As DAB+ is not backwards-compatible ordinary DAB receivers cannot receive DAB+ broadcasts, however DAB receivers that will be able to receive the new DAB+ standard via a firmware upgrade went on sale in July 2007. If a receiver is DAB+-upgradeable there will be a sign on the product itself or in the literature for the product, but the vast majority of receivers on sale don't support DAB+ yet. A microcontroller, like this PIC18F8720 is controlled by firmware stored inside on FLASH memory In computing, firmware is a computer program that is embedded in a hardware device, for example a microcontroller. ...


DAB+ broadcasts have already launched in Italy, and several other countries are also expected to launch DAB+ broadcasts over the next few years, such as Switzerland in 2008, Malta in 2008, Australia on 1st January 2009,Israel in 2009, Germany in 2009. When DAB+ stations launch in the UK, Norway and Denmark, they will transmit alongside existing DAB stations that use the old MPEG-1 Audio Layer II audio format, and most existing DAB stations are expected to continue broadcasting until the vast majority of receivers support DAB+[18], at which point stations using the old DAB format will be switched off. There is also a great deal of interest in using DAB+ in Asian countries, such as China. Read Regional implementations of DAB for details. MPEG-1 Audio Layer II (MP2, sometimes Musicam) is an audio codec defined by ISO/IEC 11172-3. ...


DMB

DAB-related standards Digital Multimedia Broadcasting (DMB) and DAB-IP are suitable for mobile radio and TV both because they support MPEG 4 AVC and WMV9 respectively as video codecs. However, a DMB video subchannel can easily be added to any DAB transmission -- as DMB was designed from the outset to be carried on a DAB subchannel. DMB broadcasts in Korea carry conventional MPEG 1 Layer II DAB audio services alongside their DMB video services. Digital Multimedia Broadcasting (DMB) is a digital radio transmission system for sending multimedia (radio, TV, and datacasting) to mobile devices such as mobile phones. ... Digital Multimedia Broadcasting (DMB) is a digital radio transmission system for sending multimedia (radio, TV, and datacasting) to mobile devices such as mobile phones. ... H.264, MPEG-4 Part 10, or AVC, for Advanced Video Coding, is a digital video codec standard which is noted for achieving very high data compression. ...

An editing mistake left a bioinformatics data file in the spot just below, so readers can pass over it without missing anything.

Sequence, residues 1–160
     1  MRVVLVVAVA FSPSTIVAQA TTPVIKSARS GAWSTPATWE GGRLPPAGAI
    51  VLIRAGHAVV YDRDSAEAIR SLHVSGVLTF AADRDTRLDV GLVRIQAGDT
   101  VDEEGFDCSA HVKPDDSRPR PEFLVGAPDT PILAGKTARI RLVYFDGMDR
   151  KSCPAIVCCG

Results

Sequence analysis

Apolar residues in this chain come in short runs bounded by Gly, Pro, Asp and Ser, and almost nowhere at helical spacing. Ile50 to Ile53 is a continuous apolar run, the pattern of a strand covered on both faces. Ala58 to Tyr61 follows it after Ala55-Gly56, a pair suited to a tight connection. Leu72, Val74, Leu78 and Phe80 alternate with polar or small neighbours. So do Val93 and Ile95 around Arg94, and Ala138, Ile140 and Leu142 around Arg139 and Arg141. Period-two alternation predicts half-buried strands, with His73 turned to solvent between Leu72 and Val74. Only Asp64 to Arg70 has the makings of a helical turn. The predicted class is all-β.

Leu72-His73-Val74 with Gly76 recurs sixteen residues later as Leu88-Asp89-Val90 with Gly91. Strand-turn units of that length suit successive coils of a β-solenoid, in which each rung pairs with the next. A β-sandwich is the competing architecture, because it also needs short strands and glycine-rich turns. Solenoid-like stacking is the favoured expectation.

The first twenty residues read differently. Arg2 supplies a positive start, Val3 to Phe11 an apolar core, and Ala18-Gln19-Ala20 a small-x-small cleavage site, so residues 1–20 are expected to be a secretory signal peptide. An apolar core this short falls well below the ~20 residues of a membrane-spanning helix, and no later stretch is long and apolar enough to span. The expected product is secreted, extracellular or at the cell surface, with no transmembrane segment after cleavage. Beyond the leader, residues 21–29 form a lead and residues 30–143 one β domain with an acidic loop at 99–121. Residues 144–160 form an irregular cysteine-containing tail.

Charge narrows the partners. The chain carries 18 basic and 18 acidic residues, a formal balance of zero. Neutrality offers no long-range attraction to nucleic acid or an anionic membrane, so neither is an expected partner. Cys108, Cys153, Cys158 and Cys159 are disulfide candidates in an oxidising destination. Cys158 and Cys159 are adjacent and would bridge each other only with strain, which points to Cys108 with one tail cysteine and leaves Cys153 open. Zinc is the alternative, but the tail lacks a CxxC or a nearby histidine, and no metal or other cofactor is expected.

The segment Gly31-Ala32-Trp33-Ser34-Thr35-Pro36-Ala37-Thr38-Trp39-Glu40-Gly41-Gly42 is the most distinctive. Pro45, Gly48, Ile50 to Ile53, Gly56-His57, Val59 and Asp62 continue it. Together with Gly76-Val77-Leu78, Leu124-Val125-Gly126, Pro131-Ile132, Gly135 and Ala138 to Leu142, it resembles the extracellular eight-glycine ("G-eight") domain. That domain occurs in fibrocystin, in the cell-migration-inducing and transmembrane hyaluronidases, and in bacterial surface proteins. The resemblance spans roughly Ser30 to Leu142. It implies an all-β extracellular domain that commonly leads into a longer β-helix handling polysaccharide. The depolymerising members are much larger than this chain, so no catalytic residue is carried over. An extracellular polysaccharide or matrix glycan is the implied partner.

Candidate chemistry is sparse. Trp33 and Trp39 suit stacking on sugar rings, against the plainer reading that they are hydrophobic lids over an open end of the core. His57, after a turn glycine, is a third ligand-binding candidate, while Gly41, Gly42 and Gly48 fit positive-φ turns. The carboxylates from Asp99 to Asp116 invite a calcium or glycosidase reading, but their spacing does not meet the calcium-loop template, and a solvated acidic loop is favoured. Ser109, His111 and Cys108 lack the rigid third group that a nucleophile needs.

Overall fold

Regional implementations of DAB

More than 20 countries provide DAB broadcasts, either as a permanent technology or as test transmissions. The UK, along with Denmark, Norway, Belgium, Switzerland and South-Korea maintain a growing base of DAB listeners.

See also

ATSC redirects here. ... Digital Audio Radio Satellite or DARS (also as SDARS, for Satellite Digital Audio Radio Service, among many variations) is the FCC term for satellite radio, currently being made popular in the U.S. by XM Radio and Sirius. ... This article needs to be cleaned up to conform to a higher standard of quality. ... Digital Multimedia Broadcasting (DMB) is a digital radio transmission system for sending multimedia (radio, TV, and datacasting) to mobile devices such as mobile phones. ... Digital Radio Mondiale (DRM) is a set of digital audio broadcasting technologies designed to work over the bands currently used for AM broadcast, particularly shortwave. ... Digital television (DTV) refers to the sending and receiving of moving images and sound by means of discrete (digital) signals, in contrast to the analog signals used by analog TV. Introduced in the late 1990s, this technology appealed to the television broadcasting business and consumer electronics industries as offering new... Satellite Digital Radio (SDR) is an activity of the standardisation organisation ETSI. It addresses broadcast systems where a satellite transmits directly to mobile and handheld receivers and is complemented by terrestrial transmitters. ... The European Multimedia Associations Convention (EMMAC) is a European network of multimedia associations. ... FMeXtra is an in-band on-channel digital radio broadcasting technology created by Digital Radio Express. ... HD Radio is an in-band on-channel (IBOC) digital radio system created by iBiquity for broadcasting via existing FM and AM radio stations. ... Integrated Services Digital Broadcasting (ISDB) is the digital television (DTV) and digital radio format that Japan has created to allow radio and television stations there to convert to digital. ... OpenCable is a set of specifications created by CableLabs to Define the next-generation of advanced digital cable-ready devices. OpenCable uses SCTE standards for the video, transport and various interface requirements, but also adds a requirement for a Java based interpreter and an encryption system employing CableCARDs. ... Orthogonal Frequency-Division Multiplexing (OFDM) — essentially identical to Coded OFDM (COFDM) — is a digital multi-carrier modulation scheme, which uses a large number of closely-spaced orthogonal sub-carriers. ... Orthogonal Frequency-Division Multiplexing (OFDM) — essentially identical to Coded OFDM (COFDM) — is a digital multi-carrier modulation scheme, which uses a large number of closely-spaced orthogonal sub-carriers. ... Sirius Satellite Radio NASDAQ: SIRI is one of two satellite radio (SDARS) services operating in the United States and Canada, along with XM Satellite Radio. ... Spectral efficiency or spectrum efficiency refers to the amount of information that can be transmitted over a given bandwidth in a specific digital communication system. ... ... “XM” redirects here. ...